Back in Time

Daily Post: Hand-Me-Downs:  Clothes and toys, recipes and jokes, advice and prejudice: we all have to handle all sorts of hand-me-downs every day. Tell us about some of the meaningful hand-me-downs in your life.

Let me start by saying that my parents have kept all of my childhood stuff. Their basement is full of old toys, books, photo albums, school mementos, etc. We’re talking stuff from the 1970’s and 1980’s mostly, some 1990’s.  Yes, I was an only child. Needless to say, my kids think my parents’ basement is a treasure trove.

Side note: my parents also have a huge vinyl collection and a cabinet full of 8-track tapes along with a stereo that plays both. I think my daughter is the only 6 year-old on the planet that knows what an 8-track is and how to play it. But I digress.

So a trip through my kids’ playroom is a little like wonky time travel.  There is a complete set of pristinely-preserved Dr. Seuss books from the late 1970’s (well, mostly pristine. Some may or may not have scribbled drawings on their inside covers. I fancied myself an artist back then) on the bookshelf right along with new favorites. There are also Cabbage Patch dolls circa 1984 hobnobbing with American Girl dolls circa 2013.  Barbies from the 1980’s with chopped hair live in the Dream House with modern Barbies with chopped hair (because let’s face it, all little girls like to cut Barbie hair).  And my old Fisher Price record player circa 1980 stands out like a relic next to the more technologically-advanced toys.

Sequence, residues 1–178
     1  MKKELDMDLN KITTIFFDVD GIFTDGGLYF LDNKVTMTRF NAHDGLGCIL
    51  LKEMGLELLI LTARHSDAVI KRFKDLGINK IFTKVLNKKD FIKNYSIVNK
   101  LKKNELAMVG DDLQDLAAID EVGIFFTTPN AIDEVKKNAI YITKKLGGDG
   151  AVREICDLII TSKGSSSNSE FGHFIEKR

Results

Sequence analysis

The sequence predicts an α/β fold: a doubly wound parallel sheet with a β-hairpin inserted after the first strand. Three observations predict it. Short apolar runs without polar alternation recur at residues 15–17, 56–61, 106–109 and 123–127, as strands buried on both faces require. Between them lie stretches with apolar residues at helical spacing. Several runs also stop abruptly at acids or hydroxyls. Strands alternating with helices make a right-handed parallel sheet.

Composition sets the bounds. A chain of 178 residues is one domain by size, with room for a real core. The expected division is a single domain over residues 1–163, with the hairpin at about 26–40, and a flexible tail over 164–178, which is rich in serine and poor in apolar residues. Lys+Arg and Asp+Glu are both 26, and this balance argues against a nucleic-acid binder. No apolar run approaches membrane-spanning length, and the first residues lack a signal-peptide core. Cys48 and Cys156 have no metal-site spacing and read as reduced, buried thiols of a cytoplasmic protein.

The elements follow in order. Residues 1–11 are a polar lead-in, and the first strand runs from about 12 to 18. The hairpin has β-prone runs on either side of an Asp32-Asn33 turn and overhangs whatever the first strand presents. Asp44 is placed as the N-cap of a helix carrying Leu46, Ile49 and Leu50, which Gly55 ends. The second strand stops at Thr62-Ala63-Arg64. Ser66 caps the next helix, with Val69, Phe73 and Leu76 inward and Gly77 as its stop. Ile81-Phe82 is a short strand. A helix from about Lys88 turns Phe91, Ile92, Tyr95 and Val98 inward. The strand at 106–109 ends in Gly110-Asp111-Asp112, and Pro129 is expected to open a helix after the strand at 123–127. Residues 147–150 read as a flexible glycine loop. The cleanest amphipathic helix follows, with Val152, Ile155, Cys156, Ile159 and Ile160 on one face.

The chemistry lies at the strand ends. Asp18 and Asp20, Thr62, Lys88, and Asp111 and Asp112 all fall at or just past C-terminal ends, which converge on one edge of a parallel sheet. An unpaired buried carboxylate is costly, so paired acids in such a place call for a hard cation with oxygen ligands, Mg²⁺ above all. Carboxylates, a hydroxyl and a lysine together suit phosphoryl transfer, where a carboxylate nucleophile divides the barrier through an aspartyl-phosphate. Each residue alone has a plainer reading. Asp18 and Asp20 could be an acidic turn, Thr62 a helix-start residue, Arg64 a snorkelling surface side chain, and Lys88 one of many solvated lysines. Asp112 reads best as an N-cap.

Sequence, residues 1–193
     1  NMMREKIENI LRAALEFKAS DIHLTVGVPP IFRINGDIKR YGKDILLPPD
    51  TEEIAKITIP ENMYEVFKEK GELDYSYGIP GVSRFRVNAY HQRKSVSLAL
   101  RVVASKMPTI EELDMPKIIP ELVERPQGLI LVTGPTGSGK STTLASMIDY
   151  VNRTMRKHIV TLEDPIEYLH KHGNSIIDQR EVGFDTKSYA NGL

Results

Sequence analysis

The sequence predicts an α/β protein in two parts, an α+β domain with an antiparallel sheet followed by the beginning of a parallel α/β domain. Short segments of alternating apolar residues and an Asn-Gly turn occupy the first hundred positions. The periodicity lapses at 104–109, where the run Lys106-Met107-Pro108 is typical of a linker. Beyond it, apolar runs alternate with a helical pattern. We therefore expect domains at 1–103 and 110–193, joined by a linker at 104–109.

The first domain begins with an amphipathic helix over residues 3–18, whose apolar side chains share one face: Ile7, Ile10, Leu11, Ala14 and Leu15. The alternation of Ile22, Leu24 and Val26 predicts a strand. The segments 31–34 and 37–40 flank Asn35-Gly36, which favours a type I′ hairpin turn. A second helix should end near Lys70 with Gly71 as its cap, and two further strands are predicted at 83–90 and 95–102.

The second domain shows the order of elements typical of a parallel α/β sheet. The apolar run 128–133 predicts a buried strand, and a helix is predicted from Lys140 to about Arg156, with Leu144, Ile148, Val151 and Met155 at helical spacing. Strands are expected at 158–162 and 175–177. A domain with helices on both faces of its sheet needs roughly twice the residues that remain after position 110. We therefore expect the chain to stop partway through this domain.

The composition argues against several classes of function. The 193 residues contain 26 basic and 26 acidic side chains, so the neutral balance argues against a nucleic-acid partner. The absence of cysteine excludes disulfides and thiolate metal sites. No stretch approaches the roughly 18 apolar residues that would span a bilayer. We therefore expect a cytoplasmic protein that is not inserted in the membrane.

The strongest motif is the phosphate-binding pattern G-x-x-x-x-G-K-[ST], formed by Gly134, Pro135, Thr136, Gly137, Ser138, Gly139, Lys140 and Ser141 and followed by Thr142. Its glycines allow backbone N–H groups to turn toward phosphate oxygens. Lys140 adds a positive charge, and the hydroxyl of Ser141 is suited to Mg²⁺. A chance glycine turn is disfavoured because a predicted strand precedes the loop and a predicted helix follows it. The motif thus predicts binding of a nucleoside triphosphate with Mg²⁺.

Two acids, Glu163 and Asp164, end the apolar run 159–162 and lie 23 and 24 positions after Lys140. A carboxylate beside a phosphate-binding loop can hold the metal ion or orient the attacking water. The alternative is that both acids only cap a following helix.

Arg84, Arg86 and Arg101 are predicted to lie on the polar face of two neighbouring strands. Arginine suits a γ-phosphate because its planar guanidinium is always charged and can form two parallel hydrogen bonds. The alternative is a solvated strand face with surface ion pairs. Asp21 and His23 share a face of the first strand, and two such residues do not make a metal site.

Its pretty cool actually.  Since my parents took such good care of everything, these toys are getting another generation of love.

One day my kids were particularly excited about a box that my dad hauled upstairs from the basement.  They were bouncing off the walls.  It was a box of knick knacks from my childhood room.  It was like my own personal time capsule, watching these items see the light of day after being packed away for twenty years.  Some of the things I remembered and others I did not.  The girls held up each item and asked me about its significance, treating everything with great reverence.  Then they sat in the floor with all of the items between them. Taking turns, they picked and divided until everything had a new owner.  Those items are now proudly displayed in their own rooms.  It makes me smile inside when I tuck my daughter in every night and see the same cross hanging above her bed that I had over my childhood bed for eighteen years.

And I hope that in twenty or so years some of those items will be handed down again to the next generation.


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